Such a dizzying array of programs and organizations, paired with an understanding that popular forms of poetry are indeed all around us, are more than enough evidence that poetry never really died. And yet I think we still need more of them because, as former U.S. Poet Laureate Donald Hall put it, “Our trouble is not with poetry but with the public perception of poetry.” When I asked my students to write about poetry’s place in the public sphere this semester, all but one of them described poetry as dead or at least in serious need of life support. Yet when we discussed the meters and metaphors of hip-hop music, almost every one of them could recite their favorite rhymes by heart.
One place where poetry’s public image is particularly laced with cobwebs is actually in the academy, especially in K-12 institutions. Suffering under standardized curricular restrictions of No Child Left Behind and our own prose-centric culture, students are commonly left with the impression that poetry is something “to figure out,” written in inscrutable code that only those with a rare intuition can decipher. Of course, poetry is something to figure out—its compressed diction and associative language requires a good deal of attention and different kind of reading. However, its contemplative nature also invites us to wonder, to discover new possibilities and connections with the world. In this, reading or listening to poetry is a real-time critical act that challenges us to become better thinkers and stewards of literature. At the same time, our students need to know that although a poem may challenge them, a poem is not a test.
Still, it’s not just the genre, educators, academics, poets, or critics who perpetuate the myth of poetry’s death when it is very much alive. We as readers and listeners have a responsibility to poetry as well—to explore it in its abundance and variety, to discover the voices that turn us on and turn us out. I believe poetry’s public image suffers when we define it too narrowly. In that vein, I invite you this April to explore poetry in a new fashion. If you are a reader of poetry, check out a local reading series or poetry slam. Rent a film about a poet, or check out a poetry trailer. If you read newspapers, log in to Verse Daily or Poetry Daily for a moment before checking the morning headlines. If you are a fan of poetry readings or performances, explore one of the recent books published in the National Poetry Series or the Everyman’s Library. If you enjoy traditional narrative verse or received forms, check out work in a more avant-garde or experimental vein (Ahsahta Press and Omnidawn Publishing are both great places to start). Surveying verse outside of one’s comfort zone is not terribly big commitment, and perhaps a new understanding of poetry’s breadth and presence can emerge if we expand our own ideas about what poetry is and does.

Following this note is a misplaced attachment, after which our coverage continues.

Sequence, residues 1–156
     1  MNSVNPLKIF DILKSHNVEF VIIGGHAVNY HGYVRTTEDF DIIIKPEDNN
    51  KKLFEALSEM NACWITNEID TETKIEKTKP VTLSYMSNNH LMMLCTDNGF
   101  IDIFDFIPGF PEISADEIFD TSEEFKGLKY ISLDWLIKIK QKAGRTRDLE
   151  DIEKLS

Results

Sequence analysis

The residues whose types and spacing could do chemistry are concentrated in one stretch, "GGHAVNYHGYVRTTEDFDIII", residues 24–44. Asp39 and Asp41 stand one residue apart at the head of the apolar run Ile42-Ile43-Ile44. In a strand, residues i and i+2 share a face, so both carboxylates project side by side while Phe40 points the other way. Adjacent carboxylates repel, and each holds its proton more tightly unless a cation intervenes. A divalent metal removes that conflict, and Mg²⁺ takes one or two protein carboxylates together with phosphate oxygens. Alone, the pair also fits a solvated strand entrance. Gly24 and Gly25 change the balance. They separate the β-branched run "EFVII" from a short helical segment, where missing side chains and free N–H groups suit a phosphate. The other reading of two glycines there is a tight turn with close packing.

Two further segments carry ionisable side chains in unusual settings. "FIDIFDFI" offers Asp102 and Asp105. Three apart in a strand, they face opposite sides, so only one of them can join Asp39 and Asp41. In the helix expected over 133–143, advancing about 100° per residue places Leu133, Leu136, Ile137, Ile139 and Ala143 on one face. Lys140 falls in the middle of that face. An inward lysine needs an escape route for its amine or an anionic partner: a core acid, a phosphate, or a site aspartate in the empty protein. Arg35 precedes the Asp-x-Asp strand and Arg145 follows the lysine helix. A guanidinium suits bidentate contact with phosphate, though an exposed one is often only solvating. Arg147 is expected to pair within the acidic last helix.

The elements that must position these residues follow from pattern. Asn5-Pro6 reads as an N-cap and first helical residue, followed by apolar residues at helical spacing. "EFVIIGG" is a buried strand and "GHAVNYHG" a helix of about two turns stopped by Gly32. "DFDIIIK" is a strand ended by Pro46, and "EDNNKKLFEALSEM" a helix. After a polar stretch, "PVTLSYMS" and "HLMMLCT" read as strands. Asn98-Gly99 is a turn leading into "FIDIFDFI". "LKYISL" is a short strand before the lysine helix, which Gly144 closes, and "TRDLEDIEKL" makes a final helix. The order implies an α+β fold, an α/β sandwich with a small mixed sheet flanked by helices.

Beyond this initial exploration, I also entreat you to share your findings with others, whether through Facebook, blogging, or the simple art of conversation. I think one source of poetry’s public image problem stems from the fact that we often define its reach through the single, solitary act of reading—which it undoubtedly is, sometimes—but that doesn’t mean that poetry shouldn’t inspire discussion, debate, and a vociferous public around its reception. Poetry has and deserves a concrete community of readers and listeners. Imagine what a polis we could create if the next book winning the Pulitzer Prize or the National Book Award in poetry got as much Twitter buzz as The Hunger Games.
On the theme of exploring new texts and authors, I am proud to feature at the Montclair State University Creative Research Center / Virtual Student Center nineteen poems written by present and former students at Montclair State University, all of whom have passed through the ranks of our creative writing concentration or newly-established creative writing minor. Their voices represent the range and depth of poetry being practiced today, ranging from quietly interior to in-your-face, from metered sonnets to free narrative poems, from comedic verse to poems documenting the Occupy Wall Street movement. For many of these students, writing these lines marks the beginning of their entry into the world of poetry, and their practice is proof that poetry can be both timeless and timely, but never expired. In its contemporary reception, poetry can be the child that outlives us. To use the words of one of the poets featured here, Glenn A. Patterson, who writes of a fruit fly’s fatal encounter with a library book: “How tragically perfect, to die in an instant, crushed upon the face of a poem.”
— Susan B.A. Somers-Willett is the author of two award-winning books of poetry, Quiver and Roam, and a book of criticism, The Cultural Politics of Slam Poetry. Her writing has been featured by several journals including The Iowa Review, Virginia Quarterly Review, Poets & Writers, and The New Yorker’s Book Bench. Her collaborative documentary poetry series “Women of Troy” aired on PRI and BBC radio affiliates and received a 2010 Gracie Award from the Alliance for Women in Media. She is an Assistant Professor of creative writing and poetry at Montclair State University.